Helicopter Crash Off Western Norway Kills All 13 Onboard

  • Rescue operations end as all onboard are confirmed dead
  • First deadly helicopter crash for industry since 1997

Rescue forces work at the shore west of Bergen, Norway after a helicopter crash

A helicopter flying people from a Statoil ASA-operated oil and gas field offshore Norway crashed on its way to Bergen on the country’s west coast, killing all passengers and crew onboard.

The CHC helicopter carrying 11 passengers and 2 crew members went down around noon on land near Turoey, outside Bergen, coming back from the Gullfaks B platform. Official rescue operations ended at 5 p.m. local time and all have been confirmed dead, according to Norway’s Joint Rescue Coordination Center.

A rescue vessel lifts up parts of the helicopter on April 29.

Photographer: Torstein Boe/ AFP/NTB scanpix/via Getty Images

It was the first deadly flight accident in Norway’s offshore industry since 1997, when a helicopter on its way to the Norne field crashed in the Norwegian Sea, killing all 12 onboard. The latest fatality in the industry happened in December, when one person was killed after a wave crashed into a rig contracted by Statoil.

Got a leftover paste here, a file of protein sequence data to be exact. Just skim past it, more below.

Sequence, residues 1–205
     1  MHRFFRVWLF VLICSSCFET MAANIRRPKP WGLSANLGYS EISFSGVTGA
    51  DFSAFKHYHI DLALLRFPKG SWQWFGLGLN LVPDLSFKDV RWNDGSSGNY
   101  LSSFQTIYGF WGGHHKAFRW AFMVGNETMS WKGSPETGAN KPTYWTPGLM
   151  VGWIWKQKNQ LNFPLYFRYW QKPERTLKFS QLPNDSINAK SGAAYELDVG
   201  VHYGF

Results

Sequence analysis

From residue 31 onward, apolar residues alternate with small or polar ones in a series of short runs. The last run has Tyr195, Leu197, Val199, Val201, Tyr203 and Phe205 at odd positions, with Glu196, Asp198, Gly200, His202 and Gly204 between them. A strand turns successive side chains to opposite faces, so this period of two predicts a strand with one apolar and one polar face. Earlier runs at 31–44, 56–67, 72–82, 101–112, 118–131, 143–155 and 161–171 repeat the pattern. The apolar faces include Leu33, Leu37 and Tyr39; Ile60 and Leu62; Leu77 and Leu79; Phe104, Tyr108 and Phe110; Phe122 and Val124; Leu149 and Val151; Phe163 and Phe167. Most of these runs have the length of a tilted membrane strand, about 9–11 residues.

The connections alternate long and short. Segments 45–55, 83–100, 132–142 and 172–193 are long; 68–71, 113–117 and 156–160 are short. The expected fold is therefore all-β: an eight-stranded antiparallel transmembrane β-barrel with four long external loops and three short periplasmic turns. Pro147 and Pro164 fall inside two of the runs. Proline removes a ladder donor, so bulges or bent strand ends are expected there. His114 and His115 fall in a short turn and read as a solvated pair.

The rotor blade of the helicopter, an Airbus Group Eurocopter 225LP, was found on land while the hull was under water at a depth of 6 meters to 7 meters, according to John Sjursoe, a spokesman for the rescue center.

In the neighboring U.K., helicopter flights were suspended as recently as 2013 after four people were killed in a crash of a machine carrying workers from a rig.

Statoil, which is 67 percent owned by the government, has shut down production at Gullfaks B to take care of the personnel on the platform, news agency NTB reported. The passengers were from several different companies, Arne Sigve Nylund, Statoil’s executive vice president for development and production in Norway, said at a press conference according to NTB.

“It’s a deep tragedy that 13 colleagues aren’t returning home, families are hurt and colleagues lose dear friends,” he said. “It’s a close-knit community out on the platforms and the loss is therefore heavy.”

Eleven of the people on board were Norwegians. There was also one Briton and one Italian.

Norway’s Civil Aviation Authority issued an immediate flying ban for the Super Puma helicopters, of which there are about 20 operating in Norway. CHC was last inspected in September last year, according to the authority.

Norway’s biggest oil and gas company acts as the operator of more than 70 percent of the country’s output. Statoil owns 51 percent of Gullfaks, fully state-owned Petoro 30 percent and Austria’s OMV 19 percent.

Statoil has established a center for next of kin at the Scandic Bergen Airport Hotel.

Before it's here, it's on the Bloomberg Terminal.